Tuesday, September 19, 2017
Updated: Thursday, October 23, 2003
|Home Advantage Preparation|
G. M. Bashar
Days before a match we will hear the relentless cries for a home advantage wicket. Whether it is too fast, too slow, too green, too dry, the wicket is one of the ?not to be missed? talking point of a series. In the recently concluded test match with India at the BNS the final verdict was that the pitch performed admirably and presented a surface that was conducive for an interesting duel between bat and ball.
Preparing these wickets takes patience and a good deal of time. Two weeks for a one-dayer is the norm but with the hectic cricket schedule the time frame is shrinking. As these wickets are composed of organic stuff, a 65% clay content with its reactive characteristics coupled with the usual cracking within five days, it makes pitch preparation clouded in an aura of unpredictability.
So what determines the bounce, the pace, the seam, and the spin characteristics of the pitch? In a nutshell it is about the tightness and compactness of the soil that can absorb the impact of the ball as it bounces. And then the task at hand is to identify what are the optimum grass cover; percentage grass cover and desirable moisture content. After establishing that the aim is also to eliminate excess organic matter under the surface, which can deaden the bounce, thus creating a pitch that is low and uncharacteristic.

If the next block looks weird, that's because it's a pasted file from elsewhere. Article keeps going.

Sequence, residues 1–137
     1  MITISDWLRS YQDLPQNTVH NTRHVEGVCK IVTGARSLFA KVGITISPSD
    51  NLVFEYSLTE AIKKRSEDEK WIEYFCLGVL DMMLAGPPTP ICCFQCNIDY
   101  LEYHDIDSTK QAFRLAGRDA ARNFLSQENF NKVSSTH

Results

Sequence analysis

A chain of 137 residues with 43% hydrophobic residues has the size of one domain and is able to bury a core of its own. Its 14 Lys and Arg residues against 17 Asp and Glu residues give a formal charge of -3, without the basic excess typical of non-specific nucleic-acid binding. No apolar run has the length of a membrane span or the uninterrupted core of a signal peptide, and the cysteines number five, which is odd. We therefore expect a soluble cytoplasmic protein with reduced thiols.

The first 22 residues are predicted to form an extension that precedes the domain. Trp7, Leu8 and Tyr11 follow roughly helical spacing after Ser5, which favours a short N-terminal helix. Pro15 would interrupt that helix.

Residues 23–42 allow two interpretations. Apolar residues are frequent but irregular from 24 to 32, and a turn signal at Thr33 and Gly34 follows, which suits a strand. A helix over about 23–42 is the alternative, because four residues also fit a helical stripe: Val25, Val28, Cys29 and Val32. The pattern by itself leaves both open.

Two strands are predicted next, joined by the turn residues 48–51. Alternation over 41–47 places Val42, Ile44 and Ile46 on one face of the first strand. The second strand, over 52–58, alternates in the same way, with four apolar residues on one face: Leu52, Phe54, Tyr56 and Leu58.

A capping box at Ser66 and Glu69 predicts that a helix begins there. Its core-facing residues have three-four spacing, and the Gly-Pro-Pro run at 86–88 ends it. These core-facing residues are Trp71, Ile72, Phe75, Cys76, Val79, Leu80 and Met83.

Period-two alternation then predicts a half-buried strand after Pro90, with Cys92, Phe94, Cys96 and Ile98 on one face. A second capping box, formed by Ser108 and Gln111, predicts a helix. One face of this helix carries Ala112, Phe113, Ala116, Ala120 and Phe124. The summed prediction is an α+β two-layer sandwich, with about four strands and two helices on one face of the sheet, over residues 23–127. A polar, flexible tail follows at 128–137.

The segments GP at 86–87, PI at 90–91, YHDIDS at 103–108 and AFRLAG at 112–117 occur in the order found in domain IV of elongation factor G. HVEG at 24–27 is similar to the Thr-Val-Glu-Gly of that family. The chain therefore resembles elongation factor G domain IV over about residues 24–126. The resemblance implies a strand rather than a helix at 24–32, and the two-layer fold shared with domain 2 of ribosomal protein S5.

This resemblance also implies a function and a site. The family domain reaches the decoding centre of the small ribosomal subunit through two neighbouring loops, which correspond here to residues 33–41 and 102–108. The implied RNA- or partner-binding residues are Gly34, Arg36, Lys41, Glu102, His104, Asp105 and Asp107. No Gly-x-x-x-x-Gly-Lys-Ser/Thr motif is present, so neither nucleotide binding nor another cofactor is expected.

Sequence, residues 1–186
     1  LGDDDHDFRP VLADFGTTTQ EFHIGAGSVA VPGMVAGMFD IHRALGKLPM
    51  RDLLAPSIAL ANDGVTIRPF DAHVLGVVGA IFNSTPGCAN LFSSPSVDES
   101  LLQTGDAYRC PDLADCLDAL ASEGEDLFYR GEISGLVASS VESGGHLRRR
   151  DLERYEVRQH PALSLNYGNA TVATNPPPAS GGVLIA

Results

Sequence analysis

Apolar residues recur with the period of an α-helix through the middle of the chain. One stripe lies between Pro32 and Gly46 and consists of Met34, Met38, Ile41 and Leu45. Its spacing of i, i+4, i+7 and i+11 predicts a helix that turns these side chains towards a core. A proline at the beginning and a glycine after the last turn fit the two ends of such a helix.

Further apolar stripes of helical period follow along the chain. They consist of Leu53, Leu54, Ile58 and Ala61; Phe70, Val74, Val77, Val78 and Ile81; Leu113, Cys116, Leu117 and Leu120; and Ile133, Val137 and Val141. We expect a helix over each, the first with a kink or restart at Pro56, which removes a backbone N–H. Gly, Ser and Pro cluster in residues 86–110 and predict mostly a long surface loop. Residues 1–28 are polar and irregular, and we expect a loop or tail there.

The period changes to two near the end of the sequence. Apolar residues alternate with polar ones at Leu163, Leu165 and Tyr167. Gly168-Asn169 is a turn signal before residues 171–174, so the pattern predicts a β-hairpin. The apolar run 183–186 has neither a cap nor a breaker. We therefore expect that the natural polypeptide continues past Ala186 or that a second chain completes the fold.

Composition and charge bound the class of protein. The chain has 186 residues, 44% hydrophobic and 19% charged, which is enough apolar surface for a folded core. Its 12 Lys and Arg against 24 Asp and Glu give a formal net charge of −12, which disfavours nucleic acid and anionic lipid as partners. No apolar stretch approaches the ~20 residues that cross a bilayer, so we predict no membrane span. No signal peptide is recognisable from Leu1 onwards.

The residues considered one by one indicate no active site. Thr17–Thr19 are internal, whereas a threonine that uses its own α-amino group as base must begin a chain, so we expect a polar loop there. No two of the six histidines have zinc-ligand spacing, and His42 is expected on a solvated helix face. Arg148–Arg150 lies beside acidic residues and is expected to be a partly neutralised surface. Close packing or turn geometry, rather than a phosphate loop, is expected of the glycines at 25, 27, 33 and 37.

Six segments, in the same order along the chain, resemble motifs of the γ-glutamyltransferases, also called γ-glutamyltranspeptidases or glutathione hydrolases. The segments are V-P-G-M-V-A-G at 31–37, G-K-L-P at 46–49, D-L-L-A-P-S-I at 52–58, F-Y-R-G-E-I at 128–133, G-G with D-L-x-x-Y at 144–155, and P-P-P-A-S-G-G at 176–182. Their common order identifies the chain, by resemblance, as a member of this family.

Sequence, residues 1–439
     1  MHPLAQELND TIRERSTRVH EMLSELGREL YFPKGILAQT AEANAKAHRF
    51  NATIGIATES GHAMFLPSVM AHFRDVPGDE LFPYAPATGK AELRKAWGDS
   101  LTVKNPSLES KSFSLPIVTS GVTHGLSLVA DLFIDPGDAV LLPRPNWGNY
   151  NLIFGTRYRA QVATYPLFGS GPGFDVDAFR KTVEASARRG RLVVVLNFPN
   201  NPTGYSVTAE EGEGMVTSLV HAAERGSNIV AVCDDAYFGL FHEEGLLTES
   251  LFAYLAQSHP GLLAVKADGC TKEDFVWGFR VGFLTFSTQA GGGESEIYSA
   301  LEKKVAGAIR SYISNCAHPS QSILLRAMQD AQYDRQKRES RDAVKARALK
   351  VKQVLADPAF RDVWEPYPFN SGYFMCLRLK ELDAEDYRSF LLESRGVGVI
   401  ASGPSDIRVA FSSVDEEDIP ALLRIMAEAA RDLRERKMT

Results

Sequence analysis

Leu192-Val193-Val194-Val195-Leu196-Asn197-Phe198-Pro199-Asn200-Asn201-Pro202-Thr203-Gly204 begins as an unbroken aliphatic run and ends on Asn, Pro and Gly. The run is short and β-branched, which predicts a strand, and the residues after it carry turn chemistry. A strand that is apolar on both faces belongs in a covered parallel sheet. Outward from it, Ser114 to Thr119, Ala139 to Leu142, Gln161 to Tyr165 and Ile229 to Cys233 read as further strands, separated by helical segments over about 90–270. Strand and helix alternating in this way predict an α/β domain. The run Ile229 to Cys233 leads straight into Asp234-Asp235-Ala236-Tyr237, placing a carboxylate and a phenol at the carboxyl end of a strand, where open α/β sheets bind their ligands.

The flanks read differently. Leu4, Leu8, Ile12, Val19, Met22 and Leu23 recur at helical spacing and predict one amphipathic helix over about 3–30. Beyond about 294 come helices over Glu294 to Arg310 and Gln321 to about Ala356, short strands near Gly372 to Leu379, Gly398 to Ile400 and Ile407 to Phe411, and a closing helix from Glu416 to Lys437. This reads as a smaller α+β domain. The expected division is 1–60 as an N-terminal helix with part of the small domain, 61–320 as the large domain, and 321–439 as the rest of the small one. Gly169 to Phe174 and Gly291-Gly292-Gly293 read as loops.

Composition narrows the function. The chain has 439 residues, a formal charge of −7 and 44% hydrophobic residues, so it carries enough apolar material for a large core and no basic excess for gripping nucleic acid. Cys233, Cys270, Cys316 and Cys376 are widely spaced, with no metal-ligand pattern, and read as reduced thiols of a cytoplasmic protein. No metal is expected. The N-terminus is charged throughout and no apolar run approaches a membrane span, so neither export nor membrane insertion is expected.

Time is an important consideration. Just as the cricket ball ages, the wicket will also unfold the charm of gradual change. A transformation that is relished by spinners and feared by batsmen but both has dealt with this phenomenon to create the subtleties and intricacies in a game of cricket. Nonetheless, it is desirable to nurture a fully grassed pitch with root growth that holds the soil in a binding state and sustains a more stable ground. From batsmen to umpires it 's this trait that is favoured as any change is more even and becomes ?readable? in the last few days of a game.
Consistency of bounce in pitches is a sign that they are laid properly. In this respect it is fair to say that Australia is considered to be a leader. In comparison with other countries their pitches are fast and in terms of bounce height they are unmatched. It is these very pitches with reasonable pace that punish mediocre bowlers that bowl at medium or slow pace. They also punish spinners that can't turn the ball on pitches without much grip. So the only ones that prosper are the very best. Above all, these pitches are conducive for entertaining cricket, i.e. lots of runs being scored and a full range of shots played by batsmen.
To conjure up a pitch that actively encourages pace, batting and spin bowling is a formidable groundkeeping task and therefore the success of the BNS ground staff in the recent match was commendable. In this case it can be said that the right ratio and type of clay hardness; a certain type of water content and the right amount of grass cover gave us that ?X factor? wicket. Again, the key seemed to be high moisture content and a good soil density that maintained composition throughout the match.